The bikes of BC Bike Race
The bikes of BC Bike Race

While the BC Bike Race moves around each day, the Trans-Sylvania Epic stays put. The Seven Mountains Scout Camp will be our home for the week. A couple of the stages will require a shuttle, but most will start and finish right at the Scout Camp. I’m stoked to have just one home base for the entire race.

I decided to drive to Pennsylvania from Atlanta instead of flying. It’s going to be a long haul at 12+ hours, but it will be less expensive and less stressful in the long run. I won’t have to worry about the airline damaging my bike or getting gouged on baggage fees. I could always ship my bike in advance, but that presents another set of problems to solve. Where would I ship the bike? Would I have to rent a car to pick up the bike? Would my bike make it in one piece?

Long haul to PA from GA
Long haul to PA from GA

Driving to the race also means I can bring a lot more stuff with me… like an entire bike as backup to scavenge parts off of if needed, my work stand, and complete tool kit. The drive itself is going to suck, but in the end, I think it’s the right decision.

The Trans-Sylvania Epic offers meal plans for the week, which gets you breakfast and dinner each day. They even offer vegetarian, vegan, and gluten-free options for those with with specific dietary restrictions. In my experience, meal plans are the way to go. It’s one less thing for you to worry about each day.

There’s even a laundry option where you drop off your dirty kit in the evening and it comes back clean the next morning! Since I’ve got plenty of jerseys, but not enough good chamois to make it through seven days, I’m taking this option.


To finish first, you must first finish. -Rick Mears (4-time winner of the Indianapolis 500)

This is a quote I often think of when getting ready to race. It reminds me to make sure my equipment is dialed before I toe the line. Also, it can help steer equipment selection. The most obvious example I can think of is tires. While a lightweight tire may help you expend less energy, those seconds saved are easily erased by a flat.

Bummer. photo courtesy Trans-Sylvania Epic
Bummer. photo courtesy Trans-Sylvania Epic

It’s also a reminder to ride smart. Sometimes it’s better to take the safe line over some rocks than to launch into the unknown. You may save your wheel from getting destroyed or stop from shearing off your derailleur–a surefire way to end your day, or in this case, your week.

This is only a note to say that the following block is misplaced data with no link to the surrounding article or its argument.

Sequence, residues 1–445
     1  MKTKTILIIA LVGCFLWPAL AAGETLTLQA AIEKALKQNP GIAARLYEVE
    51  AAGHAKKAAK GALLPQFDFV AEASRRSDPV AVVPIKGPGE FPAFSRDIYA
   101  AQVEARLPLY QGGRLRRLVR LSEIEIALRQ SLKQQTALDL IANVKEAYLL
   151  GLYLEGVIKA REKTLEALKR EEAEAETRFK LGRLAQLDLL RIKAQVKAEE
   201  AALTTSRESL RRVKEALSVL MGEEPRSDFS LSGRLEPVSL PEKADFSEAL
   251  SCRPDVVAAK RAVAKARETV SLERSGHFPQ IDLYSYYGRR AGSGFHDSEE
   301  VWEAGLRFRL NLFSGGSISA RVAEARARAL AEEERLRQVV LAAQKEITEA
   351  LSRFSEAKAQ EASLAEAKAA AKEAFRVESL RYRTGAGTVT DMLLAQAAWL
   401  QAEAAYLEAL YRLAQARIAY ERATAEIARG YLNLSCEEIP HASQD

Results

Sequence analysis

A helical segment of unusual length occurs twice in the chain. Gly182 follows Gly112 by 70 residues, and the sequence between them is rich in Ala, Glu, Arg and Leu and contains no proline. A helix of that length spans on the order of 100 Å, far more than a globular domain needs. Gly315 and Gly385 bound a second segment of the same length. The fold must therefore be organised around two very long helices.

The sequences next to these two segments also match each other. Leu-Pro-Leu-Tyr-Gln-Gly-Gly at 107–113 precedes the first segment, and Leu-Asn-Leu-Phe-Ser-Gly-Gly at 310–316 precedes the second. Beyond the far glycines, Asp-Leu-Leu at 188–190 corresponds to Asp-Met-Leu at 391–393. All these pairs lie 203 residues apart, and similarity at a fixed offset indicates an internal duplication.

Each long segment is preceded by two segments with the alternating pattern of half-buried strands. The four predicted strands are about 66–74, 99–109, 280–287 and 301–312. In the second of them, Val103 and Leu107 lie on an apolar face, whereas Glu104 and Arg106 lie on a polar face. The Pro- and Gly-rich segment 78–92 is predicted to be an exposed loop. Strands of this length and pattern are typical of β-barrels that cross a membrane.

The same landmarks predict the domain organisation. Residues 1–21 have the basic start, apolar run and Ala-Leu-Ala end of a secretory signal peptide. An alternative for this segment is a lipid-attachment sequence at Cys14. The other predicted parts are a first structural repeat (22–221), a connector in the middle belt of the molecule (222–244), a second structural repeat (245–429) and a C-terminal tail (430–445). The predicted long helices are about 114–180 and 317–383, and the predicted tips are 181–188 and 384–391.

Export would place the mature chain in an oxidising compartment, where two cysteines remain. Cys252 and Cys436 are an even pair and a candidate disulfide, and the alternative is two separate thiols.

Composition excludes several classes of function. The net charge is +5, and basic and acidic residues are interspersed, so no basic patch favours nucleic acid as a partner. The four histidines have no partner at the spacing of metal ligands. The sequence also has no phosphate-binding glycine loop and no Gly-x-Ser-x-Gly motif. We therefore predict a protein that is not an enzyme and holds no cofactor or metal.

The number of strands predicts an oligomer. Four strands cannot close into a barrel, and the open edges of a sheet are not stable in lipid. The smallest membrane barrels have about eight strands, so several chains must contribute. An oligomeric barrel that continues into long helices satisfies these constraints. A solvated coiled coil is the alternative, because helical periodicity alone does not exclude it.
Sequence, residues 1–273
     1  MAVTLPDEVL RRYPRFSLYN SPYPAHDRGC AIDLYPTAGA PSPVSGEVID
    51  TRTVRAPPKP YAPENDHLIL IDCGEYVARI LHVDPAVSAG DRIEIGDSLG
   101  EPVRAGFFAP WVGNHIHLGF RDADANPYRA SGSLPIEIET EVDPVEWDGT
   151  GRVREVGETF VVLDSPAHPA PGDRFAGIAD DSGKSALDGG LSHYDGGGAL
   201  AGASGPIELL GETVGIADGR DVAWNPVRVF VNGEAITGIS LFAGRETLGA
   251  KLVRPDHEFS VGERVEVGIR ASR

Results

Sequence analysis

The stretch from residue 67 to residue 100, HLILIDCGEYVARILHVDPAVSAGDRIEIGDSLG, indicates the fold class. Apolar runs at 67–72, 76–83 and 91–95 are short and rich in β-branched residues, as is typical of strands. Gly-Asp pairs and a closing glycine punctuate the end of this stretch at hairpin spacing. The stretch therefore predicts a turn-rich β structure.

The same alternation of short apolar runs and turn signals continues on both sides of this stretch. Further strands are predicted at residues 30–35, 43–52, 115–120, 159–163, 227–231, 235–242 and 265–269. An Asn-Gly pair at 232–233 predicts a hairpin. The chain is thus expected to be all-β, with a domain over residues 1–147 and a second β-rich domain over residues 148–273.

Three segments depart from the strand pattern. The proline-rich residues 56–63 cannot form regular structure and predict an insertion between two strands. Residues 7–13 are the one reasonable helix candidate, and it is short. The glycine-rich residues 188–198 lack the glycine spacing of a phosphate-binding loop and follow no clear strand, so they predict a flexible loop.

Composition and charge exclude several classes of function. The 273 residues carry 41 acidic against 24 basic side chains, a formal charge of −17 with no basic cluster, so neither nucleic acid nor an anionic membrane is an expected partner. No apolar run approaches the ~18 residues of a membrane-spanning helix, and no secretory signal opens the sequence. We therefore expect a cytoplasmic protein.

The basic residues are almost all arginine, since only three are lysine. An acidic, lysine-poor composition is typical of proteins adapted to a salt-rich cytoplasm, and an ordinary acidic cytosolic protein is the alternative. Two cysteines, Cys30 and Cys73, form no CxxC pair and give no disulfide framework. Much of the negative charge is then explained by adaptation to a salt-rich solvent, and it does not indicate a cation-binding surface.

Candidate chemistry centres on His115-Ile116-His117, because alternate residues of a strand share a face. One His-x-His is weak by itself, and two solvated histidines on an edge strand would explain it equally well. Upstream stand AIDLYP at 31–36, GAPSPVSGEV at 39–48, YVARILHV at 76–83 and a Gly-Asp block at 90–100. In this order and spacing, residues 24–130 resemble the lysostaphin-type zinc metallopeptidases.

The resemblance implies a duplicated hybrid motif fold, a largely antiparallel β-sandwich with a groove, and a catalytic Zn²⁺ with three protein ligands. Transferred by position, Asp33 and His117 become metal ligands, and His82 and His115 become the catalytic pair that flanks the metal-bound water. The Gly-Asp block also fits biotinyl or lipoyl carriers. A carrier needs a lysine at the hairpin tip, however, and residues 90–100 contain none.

I’ll be racing on a Niner JET 9 alloy. With a full Shimano XT drivetrain and RockShox suspension, it’s a solid build. However, I did make a few modifications to better suit my needs.

Clean lines on the Niner
The Niner in stock form

The first thing to go was the stock Schwalbe tires. They felt super thin and after inflating them, air and sealant were leaking through the sidewalls. The stock Stan’s Arch EX wheels were replaced as well. There’s nothing wrong with them, but I had a set of American Classic’s Wide Lightning wheels on hand. They’re wider, stiffer, and lighter than the Stan’s wheels. Can’t beat that.

I mounted up some of Maxxis’ top-spec Ikon 29×2.35 tires. They’re heavier than the Schwalbes, but I’m familiar with their performance and I know they can take a beating. Before leaving town I may swap the rear for something narrower, around 2.20″.

The Niner was spec’d with a 2×10 crankset, but I prefer 1×10 setups. So, I removed the stock chainrings, front derailleur, and shifter. I installed a 32T Hope Retainer Ring in their place. Why? Well for one, it’s a simpler setup which means there’s less that could go wrong. Also, I know I’ll be inclined to use the smallest gear I have. That granny ring would sing its siren song, and I would heed its call. Less gears, less excuses–and hopefully faster times.

I also swapped out the stock Niner grips, but that’s strictly a personal preference. They’re chunky and narrow. While I have large hands, I prefer thinner-diameter grips. It feels like I have more control that way.

Ready to race
Ready to race

Making all these changes saved about half a pound over the stock build, but that’s just a bonus in my book. Swapping wheels and ditching the 2×10 saved a lot of weight, but the tires added a bit of it back. What’s important is that I have I bike I’m confident will be able to handle a week of abuse in Central Pennsylvania.

Hopefully, I have all my bases covered! If I don’t… well, I’ll just have to adapt. The Trans-Sylvania Epic starts May 24th whether I’m ready or not. Stay tuned for my coverage of the event!